Full underwriting and reasonable debt-to-income ratios are a better way to "get back to basics" in mortgage lending than requiring homeowners to make down payments of 10 to 20 percent, the Center for Responsible Lending argues in a policy brief.

The Obama administration’s proposal to shrink Fannie Mae and Freddie Mac’s role in mortgage markets calls for higher down payment minimums heading toward 10 percent. Lawmakers are drawing up their own plans that could be even more drastic.

While the Federal Housing Administration’s 3.5 percent minimum down payment requirements remain in effect for now, underwriting standards have been tightened and premiums raised in an effort to reduce FHA’s market share. Some lawmakers advocate raising FHA down payment minimums to 5 percent.

Mandating larger down payments would harm the economy, housing markets and middle class families, Center for Responsible Lending lobbyist Susanna Montezemolo argues in a policy brief.

Full underwriting and reasonable debt-to-income ratios are a better way to "get back to basics" in mortgage lending than requiring homeowners to make down payments of 10 to 20 percent, the Center for Responsible Lending argues in a policy brief.

The Obama administration’s proposal to shrink Fannie Mae and Freddie Mac’s role in mortgage markets calls for higher down payment minimums heading toward 10 percent. Lawmakers are drawing up their own plans that could be even more drastic.

While the Federal Housing Administration’s 3.5 percent minimum down payment requirements remain in effect for now, underwriting standards have been tightened and premiums raised in an effort to reduce FHA’s market share. Some lawmakers advocate raising FHA down payment minimums to 5 percent.

Mandating larger down payments would harm the economy, housing markets and middle class families, Center for Responsible Lending lobbyist Susanna Montezemolo argues in a policy brief.

Low down payments have been a "significant and safe part of the mortgage finance system for decades," Montezemolo says, with more than 27 million mortgages taken out between 1990 and 2009 with down payments of less than 20 percent.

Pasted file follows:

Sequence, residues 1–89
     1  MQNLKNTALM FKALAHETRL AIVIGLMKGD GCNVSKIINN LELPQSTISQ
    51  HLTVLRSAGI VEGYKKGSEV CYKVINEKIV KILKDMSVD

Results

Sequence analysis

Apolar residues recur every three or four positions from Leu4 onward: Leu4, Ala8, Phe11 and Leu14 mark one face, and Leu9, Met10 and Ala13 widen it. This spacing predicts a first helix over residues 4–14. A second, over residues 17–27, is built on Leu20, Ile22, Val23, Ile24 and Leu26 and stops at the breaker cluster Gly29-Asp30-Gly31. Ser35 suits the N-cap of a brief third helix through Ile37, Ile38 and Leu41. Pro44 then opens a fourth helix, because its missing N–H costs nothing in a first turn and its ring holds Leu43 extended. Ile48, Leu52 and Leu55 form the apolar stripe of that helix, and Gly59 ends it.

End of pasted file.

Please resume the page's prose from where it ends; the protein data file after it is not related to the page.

That number — which excludes FHA and VA loans — represents nearly a quarter of loans purchased by Fannie Mae and Freddie Mac during that period, and 13 percent of all mortgage originations.

Those loans generally performed well, producing limited losses for lenders, investors and taxpayers, while expanding the middle class, Montezemolo maintains. It was risky loan terms and weak underwriting standards that drove record defaults in subprime lending, she argues.

If homebuyers are required to put 10 to 20 percent down when they take out a mortgage, that will shrink the pool of eligible homebuyers a lot, with only marginal improvements in loan performance, Montezemolo writes.

Crunching the numbers, she figures it will take a family that saves $3,000 a year 14 years to save up enough for a 20 percent down payment on a $172,100 home. That’s a savings rate of 7.5 percent a year for an average middle class family with about $50,000 in annaul income — well above the current 5.8 percent savings rate for U.S. households.

Homeownership "remains a key driver of personal and national economic prosperity, and will be fostered by responsible low down payment loans," Montezemolo concludes. She suggests mortgage loan performance will improve under new origination standards in the Dodd–Frank Wall Street Reform and Consumer Protection Act, without having to raise down payment requirements.

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